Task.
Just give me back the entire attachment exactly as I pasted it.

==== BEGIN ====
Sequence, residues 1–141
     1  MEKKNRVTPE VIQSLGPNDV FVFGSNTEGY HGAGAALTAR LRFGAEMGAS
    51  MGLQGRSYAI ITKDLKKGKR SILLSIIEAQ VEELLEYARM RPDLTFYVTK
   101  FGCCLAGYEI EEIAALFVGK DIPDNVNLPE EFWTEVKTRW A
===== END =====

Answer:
Sequence, residues 1–141
     1  MEKKNRVTPE VIQSLGPNDV FVFGSNTEGY HGAGAALTAR LRFGAEMGAS
    51  MGLQGRSYAI ITKDLKKGKR SILLSIIEAQ VEELLEYARM RPDLTFYVTK
   101  FGCCLAGYEI EEIAALFVGK DIPDNVNLPE EFWTEVKTRW A